WIth a host of speakers and workshops, the 2016 Digital Summit in Minneapolis drew the Epicosity crew for some insights on where digital marketing is headed.

The keynote for the event was Matt Wallaert from Microsoft (and we were even paid a visit from the voice of Siri herself, for a little bit of surreality). 

Here are a few of the insights picked up from the lineup of speakers.


Empathetic Design

The idea of basing your insights on behavior rather than solicited feedback was key to the presentation from Boomtrain's Christian Monberg. The idea of empathetic design operates on the idea that you should base the design and aim of your products and services on what you observe your customers want, versus what they say they want.

He spoke to how your marketing and product development should revolve around addressing latent needs that may not always be obvious to the naked eye. It's the difference between handing a consumer a questionnaire and actually watching what they do and how they operate in order to identify true need.

Brand Fear

There's something of an inherent fear in stamping a piece of content you've produced with your brand. Consumers will be turned off by seeing a brand attached, as it immediately elicits the "Sponsored by..." groan.

But it might not necessarily be the case.

The truth is, branded content does not necessarily need to be a consumer turn-off if the content is good. Matthew Sharp from AOL addressed this idea by bringing up the results of a study AOL conducted that found 61% of consumers are of the mindset that "as long as the content is good, I don't care if it's sponsored by a brand."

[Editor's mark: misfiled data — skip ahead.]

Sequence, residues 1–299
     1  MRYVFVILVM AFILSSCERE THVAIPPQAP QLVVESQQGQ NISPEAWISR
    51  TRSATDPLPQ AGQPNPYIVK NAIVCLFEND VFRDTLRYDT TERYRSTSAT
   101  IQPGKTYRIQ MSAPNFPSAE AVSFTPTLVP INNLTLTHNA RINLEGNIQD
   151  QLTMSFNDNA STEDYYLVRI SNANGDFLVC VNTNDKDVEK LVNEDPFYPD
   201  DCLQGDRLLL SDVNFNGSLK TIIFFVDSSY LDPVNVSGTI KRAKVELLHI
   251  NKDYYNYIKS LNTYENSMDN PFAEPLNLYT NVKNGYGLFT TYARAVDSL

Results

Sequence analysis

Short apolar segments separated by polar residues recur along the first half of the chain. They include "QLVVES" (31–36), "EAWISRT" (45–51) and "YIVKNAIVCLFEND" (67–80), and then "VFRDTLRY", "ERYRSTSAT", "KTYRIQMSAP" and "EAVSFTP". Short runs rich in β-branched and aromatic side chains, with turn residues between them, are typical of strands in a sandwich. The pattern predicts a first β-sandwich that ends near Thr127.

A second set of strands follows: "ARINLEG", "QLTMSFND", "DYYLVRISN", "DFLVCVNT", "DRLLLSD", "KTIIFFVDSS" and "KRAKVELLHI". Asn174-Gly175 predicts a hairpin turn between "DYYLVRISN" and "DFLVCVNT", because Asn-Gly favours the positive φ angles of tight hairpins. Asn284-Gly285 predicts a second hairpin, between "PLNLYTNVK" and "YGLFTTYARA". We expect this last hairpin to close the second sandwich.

Don't fear your brand - just use it smartly and attach it to content that reflects the quality of your organization.


Changing Techniques

Digital marketing is a constantly evolving construct - Marketo's Matt Zilli talked about how our tried and true traditional marketing techniques may need an upgrade to bring ourselves into the "marketer of tomorrow" mindset.

He identified three areas in which tomorrow's marketer will handle customer relationships and measurements differently:

  1. Moving from monologues (bulk emails, cold calls, etc.) to dialogues (triggered emails, targeted ads, etc.)
  2. Moving from single touchpoints (focusing on individual channels for costly new-customer acquisition) to long-term relationships (investing in your existing customers on the channels where they're at)
  3. Moving from tactical metrics (email opens, clicks, etc.) to business outcomes (revenue impact, customer lifetime value, etc.)


This notion is pretty universal - when you feel like you've made a decision or made a discovery yourself, you take pride in it and you have a more inherent level of trust for it. The same goes for digital content - if a consumer feels like it was his or her idea, it's adopted and embraced more easily.

Mathew Sweezey from Salesforce outlined a lifecycle of how this self-discovery process shakes out on social media platforms:

  1. A consumer feels a sense of self-validation in posting about a given topic.
  2. A consumer feels a sense of societal validation when someone "likes" that post.
  3. A consumer feels a sense of belonging when a social group or entity embraces that piece of content.
  4. A consumer feels a sense of the "golden rule" when that post is reciprocated by a thought leader or brand.

Letting your consumers engage with your brand on their own timelines gives you the opportunity to then provide this sense of belonging and reciprocal love by interacting and offering positive feedback.

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